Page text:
Visit the National Eating Disorders Association website for more information or chat online with a trained specialist: https://www.nationaleatingdisorders.org/help-support. You can also call their helpline Monday- Thursday from 9am-9pm EST and Friday from 9am-5pm to speak with a trained specialist: 1-800-931-2237.

Tip of the Week: Dealing with Depression

Depression is a mental disorder that causes a constant feeling of sadness, tiredness, and loss of interest. Depression affects how you feel, think, and behave and can lead to a variety of emotional and physical problems. You may have trouble doing normal day-to-day activities, and sometimes you may feel as if life isn’t worth living. Depression can be treated, so it’s important to seek help if you believe you may be experiencing depression. To learn more, go to https://www.nvcc.edu/novacares/resources.html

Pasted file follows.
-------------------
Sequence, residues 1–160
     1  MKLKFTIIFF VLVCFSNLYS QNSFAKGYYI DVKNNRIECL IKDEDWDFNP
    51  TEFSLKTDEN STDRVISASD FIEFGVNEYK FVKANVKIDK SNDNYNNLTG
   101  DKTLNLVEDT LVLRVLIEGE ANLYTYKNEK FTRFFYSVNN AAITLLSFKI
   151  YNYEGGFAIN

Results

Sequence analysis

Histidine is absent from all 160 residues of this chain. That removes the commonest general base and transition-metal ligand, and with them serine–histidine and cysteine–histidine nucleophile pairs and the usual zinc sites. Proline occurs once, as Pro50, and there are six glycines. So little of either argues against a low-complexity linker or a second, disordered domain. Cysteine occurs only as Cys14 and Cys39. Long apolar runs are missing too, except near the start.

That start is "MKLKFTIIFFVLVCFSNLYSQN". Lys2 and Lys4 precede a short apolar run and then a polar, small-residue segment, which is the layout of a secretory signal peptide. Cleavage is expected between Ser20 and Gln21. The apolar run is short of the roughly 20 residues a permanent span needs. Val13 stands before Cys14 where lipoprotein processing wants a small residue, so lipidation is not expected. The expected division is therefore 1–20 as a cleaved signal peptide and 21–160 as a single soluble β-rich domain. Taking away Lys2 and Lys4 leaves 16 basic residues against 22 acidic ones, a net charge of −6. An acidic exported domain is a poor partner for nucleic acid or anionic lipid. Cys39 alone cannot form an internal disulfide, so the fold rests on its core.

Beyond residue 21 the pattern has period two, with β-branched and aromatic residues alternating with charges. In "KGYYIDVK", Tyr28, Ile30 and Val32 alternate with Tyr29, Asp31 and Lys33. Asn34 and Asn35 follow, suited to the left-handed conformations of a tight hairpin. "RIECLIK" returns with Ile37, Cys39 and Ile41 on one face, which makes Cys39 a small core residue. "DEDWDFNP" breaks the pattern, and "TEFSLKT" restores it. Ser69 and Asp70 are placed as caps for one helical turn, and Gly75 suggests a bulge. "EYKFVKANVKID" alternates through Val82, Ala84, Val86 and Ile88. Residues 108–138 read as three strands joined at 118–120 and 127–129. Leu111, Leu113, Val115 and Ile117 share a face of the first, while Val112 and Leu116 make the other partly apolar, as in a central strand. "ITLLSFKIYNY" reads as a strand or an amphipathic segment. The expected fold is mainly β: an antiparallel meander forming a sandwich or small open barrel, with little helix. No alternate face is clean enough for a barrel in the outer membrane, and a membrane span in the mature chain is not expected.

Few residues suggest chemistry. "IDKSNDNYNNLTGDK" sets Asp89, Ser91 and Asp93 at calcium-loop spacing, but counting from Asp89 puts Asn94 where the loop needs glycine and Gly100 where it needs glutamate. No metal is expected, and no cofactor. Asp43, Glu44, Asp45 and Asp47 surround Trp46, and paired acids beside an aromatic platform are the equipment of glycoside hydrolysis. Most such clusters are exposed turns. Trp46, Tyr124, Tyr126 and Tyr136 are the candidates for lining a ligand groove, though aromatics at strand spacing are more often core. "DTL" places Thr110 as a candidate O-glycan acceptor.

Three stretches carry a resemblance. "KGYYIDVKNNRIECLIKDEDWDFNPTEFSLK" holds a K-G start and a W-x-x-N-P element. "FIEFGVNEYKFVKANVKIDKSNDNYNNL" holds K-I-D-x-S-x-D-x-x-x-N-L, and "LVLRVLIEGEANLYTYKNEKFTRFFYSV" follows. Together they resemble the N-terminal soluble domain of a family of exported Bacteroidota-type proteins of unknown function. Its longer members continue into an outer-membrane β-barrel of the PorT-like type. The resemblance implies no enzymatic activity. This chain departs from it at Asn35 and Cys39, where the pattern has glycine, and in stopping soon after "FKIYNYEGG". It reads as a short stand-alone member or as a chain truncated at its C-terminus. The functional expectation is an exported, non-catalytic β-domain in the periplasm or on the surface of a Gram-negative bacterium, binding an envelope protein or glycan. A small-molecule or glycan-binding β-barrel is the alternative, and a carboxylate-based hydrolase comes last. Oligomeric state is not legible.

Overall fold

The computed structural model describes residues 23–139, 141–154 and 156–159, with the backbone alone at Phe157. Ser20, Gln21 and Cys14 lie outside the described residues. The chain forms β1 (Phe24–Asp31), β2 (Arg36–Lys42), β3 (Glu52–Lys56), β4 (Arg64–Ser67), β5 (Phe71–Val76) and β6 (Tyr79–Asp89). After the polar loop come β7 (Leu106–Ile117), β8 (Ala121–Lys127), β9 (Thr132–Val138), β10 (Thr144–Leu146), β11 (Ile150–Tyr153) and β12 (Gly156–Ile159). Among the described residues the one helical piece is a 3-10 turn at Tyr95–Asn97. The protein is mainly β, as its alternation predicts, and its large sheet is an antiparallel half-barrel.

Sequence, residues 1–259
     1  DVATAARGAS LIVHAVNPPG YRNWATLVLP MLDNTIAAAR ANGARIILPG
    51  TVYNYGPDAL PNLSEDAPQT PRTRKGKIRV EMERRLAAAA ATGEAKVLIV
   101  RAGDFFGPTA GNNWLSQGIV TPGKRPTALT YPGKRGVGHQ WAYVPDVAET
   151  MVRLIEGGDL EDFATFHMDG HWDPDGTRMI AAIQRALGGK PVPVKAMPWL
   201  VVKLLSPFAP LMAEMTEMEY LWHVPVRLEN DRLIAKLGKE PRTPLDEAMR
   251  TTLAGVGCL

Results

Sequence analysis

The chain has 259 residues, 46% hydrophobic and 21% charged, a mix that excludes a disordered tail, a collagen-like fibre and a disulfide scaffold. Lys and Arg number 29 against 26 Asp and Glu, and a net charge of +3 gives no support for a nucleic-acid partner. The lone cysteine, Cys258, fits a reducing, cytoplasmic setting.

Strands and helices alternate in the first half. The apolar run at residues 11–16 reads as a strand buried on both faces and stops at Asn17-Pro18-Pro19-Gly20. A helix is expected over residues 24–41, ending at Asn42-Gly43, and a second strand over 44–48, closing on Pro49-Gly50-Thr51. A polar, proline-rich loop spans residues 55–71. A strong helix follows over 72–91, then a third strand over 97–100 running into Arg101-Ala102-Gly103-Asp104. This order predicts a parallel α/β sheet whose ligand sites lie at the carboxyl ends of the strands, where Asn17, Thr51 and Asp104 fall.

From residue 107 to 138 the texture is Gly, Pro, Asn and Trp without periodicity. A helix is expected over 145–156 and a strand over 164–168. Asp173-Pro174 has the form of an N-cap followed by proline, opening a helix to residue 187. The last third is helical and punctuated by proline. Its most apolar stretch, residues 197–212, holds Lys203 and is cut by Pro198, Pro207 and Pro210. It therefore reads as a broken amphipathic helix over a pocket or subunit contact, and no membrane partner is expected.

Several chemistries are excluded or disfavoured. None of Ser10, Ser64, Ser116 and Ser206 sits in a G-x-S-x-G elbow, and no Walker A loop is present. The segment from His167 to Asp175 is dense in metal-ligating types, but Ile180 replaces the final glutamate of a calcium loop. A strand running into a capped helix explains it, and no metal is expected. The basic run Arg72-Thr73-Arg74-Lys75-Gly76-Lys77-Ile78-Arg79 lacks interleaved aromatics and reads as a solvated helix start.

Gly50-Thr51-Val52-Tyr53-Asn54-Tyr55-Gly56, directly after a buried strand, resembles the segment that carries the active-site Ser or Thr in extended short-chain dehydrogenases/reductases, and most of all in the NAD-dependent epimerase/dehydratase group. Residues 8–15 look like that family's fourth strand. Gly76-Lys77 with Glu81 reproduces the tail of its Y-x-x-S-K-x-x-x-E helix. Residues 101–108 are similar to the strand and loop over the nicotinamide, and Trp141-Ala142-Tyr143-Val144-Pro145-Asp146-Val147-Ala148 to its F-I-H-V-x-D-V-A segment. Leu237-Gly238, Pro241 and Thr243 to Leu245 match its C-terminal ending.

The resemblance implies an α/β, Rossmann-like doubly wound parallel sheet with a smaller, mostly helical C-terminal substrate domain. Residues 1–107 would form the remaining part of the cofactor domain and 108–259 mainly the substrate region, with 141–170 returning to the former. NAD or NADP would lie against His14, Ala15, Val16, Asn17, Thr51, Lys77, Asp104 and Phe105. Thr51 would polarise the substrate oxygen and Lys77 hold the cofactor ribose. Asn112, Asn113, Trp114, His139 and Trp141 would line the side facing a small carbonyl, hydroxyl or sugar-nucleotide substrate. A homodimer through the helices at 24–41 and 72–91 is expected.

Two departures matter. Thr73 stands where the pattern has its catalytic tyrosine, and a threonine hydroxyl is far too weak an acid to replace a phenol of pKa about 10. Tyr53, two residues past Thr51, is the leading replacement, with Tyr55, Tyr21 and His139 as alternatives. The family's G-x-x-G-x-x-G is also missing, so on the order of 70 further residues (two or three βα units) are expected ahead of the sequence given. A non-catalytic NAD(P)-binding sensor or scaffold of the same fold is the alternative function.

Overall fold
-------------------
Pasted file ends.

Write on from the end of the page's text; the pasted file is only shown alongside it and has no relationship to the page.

Tip of the Week: Anxiety

Anxiety can be very hard to deal with on your own. School, finances, or job duties can cause anxiety. It can begin to take over everything, making it difficult to enjoy good moments. Talking to someone or getting help is a great way to manage or overcome your anxiety.
To learn more, go to https://www.healthline.com/health/anxiety#disorders or submit a report for help at https://www.nvcc.edu/novacares/program/index.html – click on “make a report”

 

Multitasking Stressed Business Woman in Office Work Place. Vector illustration